Wells Fargo’s new CEO said Wednesday the San Francisco-based bank probably will continue growing its presence in Charlotte, which he called “a great place to do business.”
Tim Sloan spoke with the Observer hours after the bank’s board named him the successor to CEO John Stumpf, who is retiring amid a massive scandal over unauthorized accounts. Sloan, 56, is now tasked with repairing the image of a bank that has faced continued fallout since news of the scandal broke.
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Below are excerpts from the interview.
On Charlotte: In 2008, employees for Charlotte-based Wachovia were dismayed as they watched their bank teeter during the financial crisis. Wells Fargo purchased Wachovia to prevent it from collapsing, making Charlotte Wells’ largest employment hub. Eight years later, the accounts scandal has dealt another blow to the bank’s Charlotte workers.
When asked what his message is to Wells’ Charlotte employees, Sloan said “first, we love doing business in Charlotte. I think it’s an incredible place.”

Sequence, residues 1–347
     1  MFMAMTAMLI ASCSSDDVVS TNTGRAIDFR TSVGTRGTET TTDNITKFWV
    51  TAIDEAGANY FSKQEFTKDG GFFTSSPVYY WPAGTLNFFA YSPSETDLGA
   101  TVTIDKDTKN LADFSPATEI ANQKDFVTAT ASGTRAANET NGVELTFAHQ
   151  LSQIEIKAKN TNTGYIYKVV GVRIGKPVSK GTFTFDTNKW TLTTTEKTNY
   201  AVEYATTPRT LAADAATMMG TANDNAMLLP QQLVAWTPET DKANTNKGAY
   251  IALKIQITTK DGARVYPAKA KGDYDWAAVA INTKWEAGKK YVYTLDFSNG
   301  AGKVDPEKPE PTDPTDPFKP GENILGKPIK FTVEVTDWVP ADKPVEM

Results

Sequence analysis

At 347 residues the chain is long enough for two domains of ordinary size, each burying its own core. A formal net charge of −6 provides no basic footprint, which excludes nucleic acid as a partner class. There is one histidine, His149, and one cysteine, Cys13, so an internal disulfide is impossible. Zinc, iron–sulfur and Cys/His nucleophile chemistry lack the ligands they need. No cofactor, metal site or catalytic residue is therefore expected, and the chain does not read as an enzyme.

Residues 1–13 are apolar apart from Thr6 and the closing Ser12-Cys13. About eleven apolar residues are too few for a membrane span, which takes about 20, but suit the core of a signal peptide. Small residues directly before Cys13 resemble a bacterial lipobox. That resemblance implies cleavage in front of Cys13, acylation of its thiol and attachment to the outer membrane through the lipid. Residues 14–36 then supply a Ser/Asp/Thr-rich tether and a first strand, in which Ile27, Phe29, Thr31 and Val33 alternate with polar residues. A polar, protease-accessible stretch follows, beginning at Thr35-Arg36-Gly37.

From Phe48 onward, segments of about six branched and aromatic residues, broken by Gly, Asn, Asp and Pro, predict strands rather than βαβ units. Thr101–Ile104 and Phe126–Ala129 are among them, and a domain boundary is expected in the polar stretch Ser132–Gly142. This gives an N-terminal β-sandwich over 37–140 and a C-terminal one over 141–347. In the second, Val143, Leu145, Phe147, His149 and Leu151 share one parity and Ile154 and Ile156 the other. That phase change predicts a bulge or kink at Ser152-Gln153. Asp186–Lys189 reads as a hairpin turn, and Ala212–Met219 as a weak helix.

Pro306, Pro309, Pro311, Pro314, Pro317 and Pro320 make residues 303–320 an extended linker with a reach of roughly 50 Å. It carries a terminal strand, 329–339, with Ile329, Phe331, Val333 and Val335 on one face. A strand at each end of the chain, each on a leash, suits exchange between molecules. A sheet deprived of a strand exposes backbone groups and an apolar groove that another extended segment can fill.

Sloan said he recalls concerns that Wells Fargo was going to “empty out Charlotte” when it bought Wachovia and move employees elsewhere. Instead, Wells Fargo has continued to add employees in Charlotte, he said.
As for adding to the bank’s Charlotte employment of about 23,000: “My guess is we probably will,” Sloan said. “I don’t know the exact amount and which group. Charlotte’s just a great place to do business and a great place for our team members to live.”
Sloan also said he sometimes comes to the Charlotte region to visit his parents, who have lived in Davidson for about 12 years.
On when he learned of bad practices: In November, Sloan was promoted to chief operating officer and president, becoming boss to Carrie Tolstedt, who ran the community banking division at the center of the controversy.
On Wednesday, when asked when he learned of the unauthorized accounts, Sloan did not answer specifically. Instead he cited an ongoing investigation by the bank’s board into sales practices.
“I don’t want to get in front of or in any way, shape or form impact the independence of the board’s review and investigation,” he said. “I want to be very respectful of that.”
On whether he’ll give up compensation amid the scandal: Last month, the bank’s board announced Stumpf would forfeit all of his outstanding unvested equity awards, worth $41 million, because of the scandal.
The bank has not announced any similar actions against Sloan, who was awarded $11 million in total compensation for his work in 2015.
“As it relates to an impact on my compensation, that’s for the board to decide, and I’ll defer to them,” Sloan said.